When you're ready to quit smoking, try ginseng, milk thistle, and St. John's wort
One summer evening when I was about 14 and sleeping out with some friends, one guy had a pack of these fascinating white sticks. As the youngest, I became the center of a little game: "Let's get him to start smoking." Of course I accepted and took my first puff, coughing and spewing forth smoke, yet persisting until I could fully inhale.
Such was my introduction to tobacco, a source of human fascination and frustration for nearly five centuries. According to Jacob Bigelow's American Medical Botany, "There is no plant which has less to recommend it than the common tobacco. Its taste in the green state is acrid, nauseous, and repulsive, and a small quantity taken into the stomach excites violent vomiting, attended with other alarming symptoms." Yet the first person who persevered eventually found tobacco a pleasing sedative, soother of worry, and substantial addition to life's pleasures.
Since tobacco's introduction to Western cultures in the 16th century, social attitudes toward it have remained largely negative. In recent years smoking has been banned in restaurants, airports, and, in Vermont at least, all other public places. So, ready to quit? Many products can help, including over-the-counter nicotine patches, nicotine chewing gum, and inhalants. One recent New England Journal of Medicine study recommended combining nicotine replacement therapy with the prescription drug Zyban—also marketed as Welbutrin, an antidepressant—and counseling. But can herbs defeat your nicotine craving? Is there a "natural" way to stop using tobacco?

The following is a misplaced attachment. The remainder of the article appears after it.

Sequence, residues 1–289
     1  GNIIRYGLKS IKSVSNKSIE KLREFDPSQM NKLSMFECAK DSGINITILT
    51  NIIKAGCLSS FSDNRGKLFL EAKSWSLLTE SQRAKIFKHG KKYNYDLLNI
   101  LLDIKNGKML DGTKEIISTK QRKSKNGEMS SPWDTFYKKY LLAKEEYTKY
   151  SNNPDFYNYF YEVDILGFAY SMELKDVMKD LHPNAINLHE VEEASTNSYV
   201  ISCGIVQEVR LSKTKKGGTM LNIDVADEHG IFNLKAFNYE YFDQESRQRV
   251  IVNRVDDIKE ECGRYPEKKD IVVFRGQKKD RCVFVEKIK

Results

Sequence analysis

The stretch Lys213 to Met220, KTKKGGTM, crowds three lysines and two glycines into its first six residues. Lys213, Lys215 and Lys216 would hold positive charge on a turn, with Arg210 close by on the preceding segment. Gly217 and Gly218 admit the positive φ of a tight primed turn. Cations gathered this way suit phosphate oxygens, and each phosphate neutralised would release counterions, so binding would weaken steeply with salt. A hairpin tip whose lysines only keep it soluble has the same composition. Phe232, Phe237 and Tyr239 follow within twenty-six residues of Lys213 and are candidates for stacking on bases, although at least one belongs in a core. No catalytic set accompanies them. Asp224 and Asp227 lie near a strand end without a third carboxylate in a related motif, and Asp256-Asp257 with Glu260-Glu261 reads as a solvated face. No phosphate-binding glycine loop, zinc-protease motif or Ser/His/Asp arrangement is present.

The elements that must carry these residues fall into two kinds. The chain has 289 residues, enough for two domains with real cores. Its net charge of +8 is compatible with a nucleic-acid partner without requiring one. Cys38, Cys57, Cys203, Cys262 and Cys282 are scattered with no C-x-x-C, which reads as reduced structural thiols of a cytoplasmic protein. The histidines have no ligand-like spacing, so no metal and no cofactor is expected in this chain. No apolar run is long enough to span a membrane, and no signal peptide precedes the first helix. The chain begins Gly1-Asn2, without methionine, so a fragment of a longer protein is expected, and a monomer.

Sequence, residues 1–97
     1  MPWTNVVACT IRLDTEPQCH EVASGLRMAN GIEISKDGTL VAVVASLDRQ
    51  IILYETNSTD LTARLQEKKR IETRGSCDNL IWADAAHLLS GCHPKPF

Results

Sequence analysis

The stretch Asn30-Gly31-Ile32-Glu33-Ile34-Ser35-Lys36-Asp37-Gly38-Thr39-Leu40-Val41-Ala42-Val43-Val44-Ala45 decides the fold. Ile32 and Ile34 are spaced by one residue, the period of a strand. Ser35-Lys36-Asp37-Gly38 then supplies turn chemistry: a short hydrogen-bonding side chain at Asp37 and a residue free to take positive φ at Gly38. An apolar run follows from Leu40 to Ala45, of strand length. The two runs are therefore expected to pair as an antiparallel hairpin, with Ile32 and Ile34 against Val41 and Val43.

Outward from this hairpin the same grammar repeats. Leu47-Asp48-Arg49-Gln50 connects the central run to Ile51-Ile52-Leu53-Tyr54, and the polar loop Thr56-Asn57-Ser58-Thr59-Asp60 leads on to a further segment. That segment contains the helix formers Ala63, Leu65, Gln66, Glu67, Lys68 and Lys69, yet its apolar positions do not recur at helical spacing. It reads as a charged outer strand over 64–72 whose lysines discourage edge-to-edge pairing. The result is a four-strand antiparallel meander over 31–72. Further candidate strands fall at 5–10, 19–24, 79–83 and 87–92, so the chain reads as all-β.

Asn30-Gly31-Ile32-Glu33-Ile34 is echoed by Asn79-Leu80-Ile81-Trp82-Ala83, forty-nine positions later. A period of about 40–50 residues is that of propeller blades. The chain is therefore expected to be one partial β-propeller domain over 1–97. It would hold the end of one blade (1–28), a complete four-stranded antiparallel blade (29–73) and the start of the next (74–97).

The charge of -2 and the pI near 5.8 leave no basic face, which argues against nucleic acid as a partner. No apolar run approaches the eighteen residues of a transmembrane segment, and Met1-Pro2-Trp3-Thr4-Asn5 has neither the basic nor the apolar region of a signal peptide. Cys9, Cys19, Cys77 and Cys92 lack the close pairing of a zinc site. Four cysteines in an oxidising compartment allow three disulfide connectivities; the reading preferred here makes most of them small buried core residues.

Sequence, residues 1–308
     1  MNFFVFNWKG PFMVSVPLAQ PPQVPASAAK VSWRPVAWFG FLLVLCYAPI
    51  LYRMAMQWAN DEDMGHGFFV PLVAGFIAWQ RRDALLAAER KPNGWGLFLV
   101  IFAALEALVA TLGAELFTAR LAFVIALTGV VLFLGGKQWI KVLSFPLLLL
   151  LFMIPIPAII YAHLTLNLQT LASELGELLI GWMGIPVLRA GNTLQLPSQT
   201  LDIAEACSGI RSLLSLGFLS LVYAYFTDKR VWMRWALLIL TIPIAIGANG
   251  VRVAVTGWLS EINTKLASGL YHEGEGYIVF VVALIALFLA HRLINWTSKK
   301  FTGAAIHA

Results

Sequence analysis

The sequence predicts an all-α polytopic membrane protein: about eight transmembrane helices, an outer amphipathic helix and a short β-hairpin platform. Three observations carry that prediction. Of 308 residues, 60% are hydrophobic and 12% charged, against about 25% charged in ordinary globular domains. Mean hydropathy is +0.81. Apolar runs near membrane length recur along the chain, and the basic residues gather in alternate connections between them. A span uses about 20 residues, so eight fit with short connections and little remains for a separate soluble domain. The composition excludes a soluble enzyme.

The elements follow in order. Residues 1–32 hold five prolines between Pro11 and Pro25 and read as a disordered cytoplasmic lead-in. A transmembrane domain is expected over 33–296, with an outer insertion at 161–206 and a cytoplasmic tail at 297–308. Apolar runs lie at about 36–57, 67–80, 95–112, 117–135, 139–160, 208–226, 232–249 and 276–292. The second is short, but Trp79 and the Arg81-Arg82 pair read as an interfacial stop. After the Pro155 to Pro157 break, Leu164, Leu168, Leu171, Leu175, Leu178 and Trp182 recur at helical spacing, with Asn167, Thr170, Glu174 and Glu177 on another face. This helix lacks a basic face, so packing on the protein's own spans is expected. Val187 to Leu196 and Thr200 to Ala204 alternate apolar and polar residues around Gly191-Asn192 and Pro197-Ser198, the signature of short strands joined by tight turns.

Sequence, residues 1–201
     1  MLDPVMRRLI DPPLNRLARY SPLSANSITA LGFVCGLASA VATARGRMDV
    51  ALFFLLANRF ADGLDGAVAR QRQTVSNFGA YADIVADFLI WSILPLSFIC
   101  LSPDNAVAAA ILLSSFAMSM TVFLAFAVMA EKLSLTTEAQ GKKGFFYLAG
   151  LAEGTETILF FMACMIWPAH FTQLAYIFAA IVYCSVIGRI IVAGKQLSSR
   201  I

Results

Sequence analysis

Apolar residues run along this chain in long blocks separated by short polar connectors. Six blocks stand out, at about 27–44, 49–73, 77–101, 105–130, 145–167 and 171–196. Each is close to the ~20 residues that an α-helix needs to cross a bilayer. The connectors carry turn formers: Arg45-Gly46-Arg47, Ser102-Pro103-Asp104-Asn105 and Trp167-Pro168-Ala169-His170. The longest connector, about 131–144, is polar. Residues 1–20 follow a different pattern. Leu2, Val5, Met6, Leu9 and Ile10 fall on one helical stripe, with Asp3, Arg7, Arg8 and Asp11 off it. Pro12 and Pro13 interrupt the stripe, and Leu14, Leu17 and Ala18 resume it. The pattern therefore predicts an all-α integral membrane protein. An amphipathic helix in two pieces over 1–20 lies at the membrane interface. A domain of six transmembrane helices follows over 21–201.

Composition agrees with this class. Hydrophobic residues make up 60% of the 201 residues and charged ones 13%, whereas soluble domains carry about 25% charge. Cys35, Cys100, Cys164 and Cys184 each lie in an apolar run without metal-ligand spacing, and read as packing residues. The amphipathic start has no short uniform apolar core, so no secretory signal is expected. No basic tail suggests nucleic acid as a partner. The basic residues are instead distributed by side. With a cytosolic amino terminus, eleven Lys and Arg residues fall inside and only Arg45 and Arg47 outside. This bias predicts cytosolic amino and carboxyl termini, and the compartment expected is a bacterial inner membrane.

The simple answer is no. But herbs can be allies in your effort to quit: Ginseng can increase stamina, milk thistle can support the liver as your body cleans out toxins, and St. John's wort can balance mood.
Tobacco (Nicotiana tabacum) is itself an herb, a member of the nightshade family and the best known of more than 70 tobacco species. Originally cultivated by the indigenous peoples of North and South America, it had ceased to exist in the wild by the time the first Europeans arrived. Alexander von Humboldt, a traveler to the New World between 1799 and 1804, wrote that the word tobacco comes from the ancient Haitian language and refers not to the herb but to the pipe from which the tobacco smoke was "drunk," or inhaled.
In 1492, Christopher Columbus and crew became the first Europeans to see tobacco smoked. In 1560, French ambassador Jean Nicot, immortalized in the genus name Nicotiana, received a gift of tobacco plants from the New World and gave them to his queen, claiming they held miraculous healing properties.
Within half a century, tobacco smoking had spread through Europe, inspiring verse from poets and contempt from civil and religious authorities. A Turkish monarch imposed stiff penalties on those who smoked in public; authorities punished one Turk by thrusting his pipe through his nose and parading him through the streets. And an early Harvard University rule stated that "no scholar shall take tobacco unless permitted by the president, with the consent of their parents or guardians, and on good reason first given by a physician and then in a sober and private manner."
If you don't really want to quit, no strategy will work. But if you do want to quit, begin with your mind. Write down five reasons why you like to smoke and five things you don't like about smoking. Then, five ways your life will improve if you quit. Finally, write 10 reasons why you must quit now. Get some emotional leverage on yourself. You are in control, not the tobacco companies!